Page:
The Rajah's obtained 21 cannon from the Zamorin, and forty thousand Nairs were believed to have arrived to fight in the seige. This seems unlikely due to the size of subsequent armies, but it is clear that a substantial force was involved. The Zamorin sent twenty thousand more men to assist.

Many assaults were made, and it was at this point that it became apparent that the Portuguese had made a fundamental error when they had designed the fort.  The only well was situated a" bow shot" from the wall on the enemy side of the walls. Every time the Portuguese needed to draw water they had to fight for it.

This suggests that the first wall in Figure 4 above was along the line of the defences in 1507.

Eventually an engineer called Fernandez came up with the idea of driving a tunnel through the soft rock under the wall and into the shaft of the well. They were then enabled to draw water without exposing themselves.

Most of the surviving Portuguese had been wounded at least once and food was running out. Miraculously on the 15th August 1507 shoals of crabs and prawns were swept ashore by the tide, and the garrison was able to re-supply itself. 

The siege went on until 27th August 1507 a relieving fleet of eleven ships under De Cunha arrived with three hundred men from Europe and were able to drive off the besiegers.

During the siege the fort had been very exposed to fire from the higher ground to the north, and this was to be an issue for the rest of its existence as an active garrison.  The attackers had used bales of cotton to raise themselves up above the height of the walls so that they could fire into the interior of the fort.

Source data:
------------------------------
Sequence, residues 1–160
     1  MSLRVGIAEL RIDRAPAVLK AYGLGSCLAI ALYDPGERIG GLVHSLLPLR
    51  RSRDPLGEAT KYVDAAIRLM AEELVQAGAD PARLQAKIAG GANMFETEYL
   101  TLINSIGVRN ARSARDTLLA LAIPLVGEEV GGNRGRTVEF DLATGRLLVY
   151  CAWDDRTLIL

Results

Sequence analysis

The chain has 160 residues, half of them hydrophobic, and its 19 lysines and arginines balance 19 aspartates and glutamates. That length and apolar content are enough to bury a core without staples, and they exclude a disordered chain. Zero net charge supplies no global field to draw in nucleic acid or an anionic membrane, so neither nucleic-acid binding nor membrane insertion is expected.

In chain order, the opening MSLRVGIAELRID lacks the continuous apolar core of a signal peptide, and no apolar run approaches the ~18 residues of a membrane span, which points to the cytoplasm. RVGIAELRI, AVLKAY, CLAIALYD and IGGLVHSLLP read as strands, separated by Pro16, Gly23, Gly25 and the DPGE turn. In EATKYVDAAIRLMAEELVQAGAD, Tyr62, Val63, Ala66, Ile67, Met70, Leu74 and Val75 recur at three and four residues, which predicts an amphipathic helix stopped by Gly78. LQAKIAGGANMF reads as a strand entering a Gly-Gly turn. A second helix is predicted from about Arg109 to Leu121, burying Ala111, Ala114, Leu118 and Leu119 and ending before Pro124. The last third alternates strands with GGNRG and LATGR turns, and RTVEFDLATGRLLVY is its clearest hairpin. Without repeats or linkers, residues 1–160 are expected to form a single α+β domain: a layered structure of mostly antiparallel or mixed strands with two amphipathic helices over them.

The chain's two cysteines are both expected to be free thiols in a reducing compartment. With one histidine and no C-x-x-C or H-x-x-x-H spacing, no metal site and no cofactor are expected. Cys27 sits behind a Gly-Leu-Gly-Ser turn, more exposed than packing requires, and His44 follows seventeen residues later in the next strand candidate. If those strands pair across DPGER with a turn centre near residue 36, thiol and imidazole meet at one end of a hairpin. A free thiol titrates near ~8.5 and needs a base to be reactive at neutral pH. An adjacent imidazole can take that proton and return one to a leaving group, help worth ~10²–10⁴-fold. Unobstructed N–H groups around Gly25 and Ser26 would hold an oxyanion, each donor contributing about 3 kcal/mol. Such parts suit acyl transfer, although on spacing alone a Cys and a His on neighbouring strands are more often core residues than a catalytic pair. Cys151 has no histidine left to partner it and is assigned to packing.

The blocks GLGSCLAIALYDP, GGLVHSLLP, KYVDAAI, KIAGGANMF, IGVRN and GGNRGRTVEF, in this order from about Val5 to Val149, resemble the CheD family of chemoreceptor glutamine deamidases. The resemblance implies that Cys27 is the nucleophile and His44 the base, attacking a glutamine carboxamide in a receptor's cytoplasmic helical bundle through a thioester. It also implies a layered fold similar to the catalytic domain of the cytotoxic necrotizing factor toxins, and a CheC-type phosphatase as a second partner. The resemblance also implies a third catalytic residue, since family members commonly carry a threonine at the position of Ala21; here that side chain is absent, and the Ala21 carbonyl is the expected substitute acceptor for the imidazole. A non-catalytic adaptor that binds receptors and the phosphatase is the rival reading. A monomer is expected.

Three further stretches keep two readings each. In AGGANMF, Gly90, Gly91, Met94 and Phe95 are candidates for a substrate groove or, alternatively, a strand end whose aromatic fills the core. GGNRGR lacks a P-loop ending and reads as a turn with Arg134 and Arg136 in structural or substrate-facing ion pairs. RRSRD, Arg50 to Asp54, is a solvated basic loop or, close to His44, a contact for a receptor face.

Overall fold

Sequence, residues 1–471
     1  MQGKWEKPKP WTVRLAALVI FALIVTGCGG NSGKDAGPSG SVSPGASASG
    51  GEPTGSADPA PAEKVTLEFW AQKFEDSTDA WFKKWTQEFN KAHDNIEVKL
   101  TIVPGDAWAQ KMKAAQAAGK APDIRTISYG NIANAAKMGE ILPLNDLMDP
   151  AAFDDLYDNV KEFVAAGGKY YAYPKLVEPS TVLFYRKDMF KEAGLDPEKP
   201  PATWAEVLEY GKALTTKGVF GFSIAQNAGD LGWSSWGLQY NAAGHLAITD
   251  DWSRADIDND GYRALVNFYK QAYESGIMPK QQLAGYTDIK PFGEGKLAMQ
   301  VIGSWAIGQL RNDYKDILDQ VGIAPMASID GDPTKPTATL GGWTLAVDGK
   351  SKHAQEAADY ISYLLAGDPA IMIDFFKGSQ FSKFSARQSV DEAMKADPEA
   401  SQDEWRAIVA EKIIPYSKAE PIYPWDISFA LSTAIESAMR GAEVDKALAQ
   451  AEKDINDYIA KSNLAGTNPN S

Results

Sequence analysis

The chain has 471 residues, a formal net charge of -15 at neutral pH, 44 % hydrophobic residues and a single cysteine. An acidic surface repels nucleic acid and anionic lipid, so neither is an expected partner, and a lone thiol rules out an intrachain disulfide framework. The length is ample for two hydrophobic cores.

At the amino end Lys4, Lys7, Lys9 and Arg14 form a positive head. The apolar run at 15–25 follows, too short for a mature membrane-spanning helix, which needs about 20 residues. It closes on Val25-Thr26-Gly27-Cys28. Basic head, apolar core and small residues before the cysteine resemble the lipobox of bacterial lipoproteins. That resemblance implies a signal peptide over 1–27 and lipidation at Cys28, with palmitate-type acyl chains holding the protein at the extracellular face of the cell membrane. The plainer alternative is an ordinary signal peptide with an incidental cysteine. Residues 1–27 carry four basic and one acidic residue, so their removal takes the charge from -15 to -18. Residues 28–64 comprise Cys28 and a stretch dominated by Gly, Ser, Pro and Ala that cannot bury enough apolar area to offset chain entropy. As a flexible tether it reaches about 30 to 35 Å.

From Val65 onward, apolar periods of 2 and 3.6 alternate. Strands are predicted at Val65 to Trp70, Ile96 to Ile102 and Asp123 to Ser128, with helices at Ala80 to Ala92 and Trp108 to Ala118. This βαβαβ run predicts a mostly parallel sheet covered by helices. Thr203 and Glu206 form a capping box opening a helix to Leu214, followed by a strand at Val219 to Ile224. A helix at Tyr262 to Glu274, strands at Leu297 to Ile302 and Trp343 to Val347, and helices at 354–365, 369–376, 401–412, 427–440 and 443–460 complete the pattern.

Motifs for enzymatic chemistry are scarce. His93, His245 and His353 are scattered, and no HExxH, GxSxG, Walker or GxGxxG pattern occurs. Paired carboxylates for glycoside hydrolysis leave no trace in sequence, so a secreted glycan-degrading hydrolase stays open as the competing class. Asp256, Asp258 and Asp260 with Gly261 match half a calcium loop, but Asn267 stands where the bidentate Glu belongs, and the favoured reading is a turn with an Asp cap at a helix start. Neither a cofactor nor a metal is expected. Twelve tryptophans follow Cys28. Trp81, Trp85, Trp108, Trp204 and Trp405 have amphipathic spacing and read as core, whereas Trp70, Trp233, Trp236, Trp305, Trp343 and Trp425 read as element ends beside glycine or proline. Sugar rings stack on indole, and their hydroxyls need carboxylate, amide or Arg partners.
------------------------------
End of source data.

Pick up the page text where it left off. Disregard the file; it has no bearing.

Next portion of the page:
As result of the experience of this siege, and in order to enclose the well and to increase the defences it was probably decided to build a second wall in Figure 4 was built outside the first wall.

The drawing in Figure 3 was published in 1572, and it shows only one wall. However the map was probably drawn many years before the print was published.

Figure 5 below comes from a Portuguese Atlas published in 1630. It is likely however that the drawing from which the engraving was done was drawn much earlier.  The text refers to events in 1567, so although the date below the fort says 1505 it refers to the founding of the fort, and not the date of the map.

As the map shows a second wall and refers to events in 1567 it suggests that the second wall pre-dates 1567.

Figure 5. Portuguese atlas, 1630.
Please click on image for larger version.

In figure 5 a town can be seen to have sprung up outside the fort itself. This town was probably under what is now the Dutch fortress. It appears to extend into the older Indian town, although there is still a substantial suburb outside the walls. This suggests that the town was segregated into several communities, Portuguese, Indo Portuguese and the Muslim subjects of the Ali Rajah.

It is interesting that the guns are shown facing out to sea. This is clearly where the greatest perceived threat was seen to lie. By the 1630's Dutch & English ships were beginning to pose a serious threat to the Portuguese settlements, and this threat is probably why these cannons have been mounted facing out to sea.

This poses an interesting question. Was the Portuguese printer re-using an older engraving and had he decided to re-engrave it to show the situation in the years leading up to 1630, when the Dutch and English shipping arriving in the Indian Ocean had become a very real threat to the Portuguese possessions?

Figure 6. Map of the fort and town of Cannanore shortly 
before about 1632
during the Portuguese period, from the
Livro das Plantas de todas as fortalezas, 
by António Bocarro. [Click on for larger image]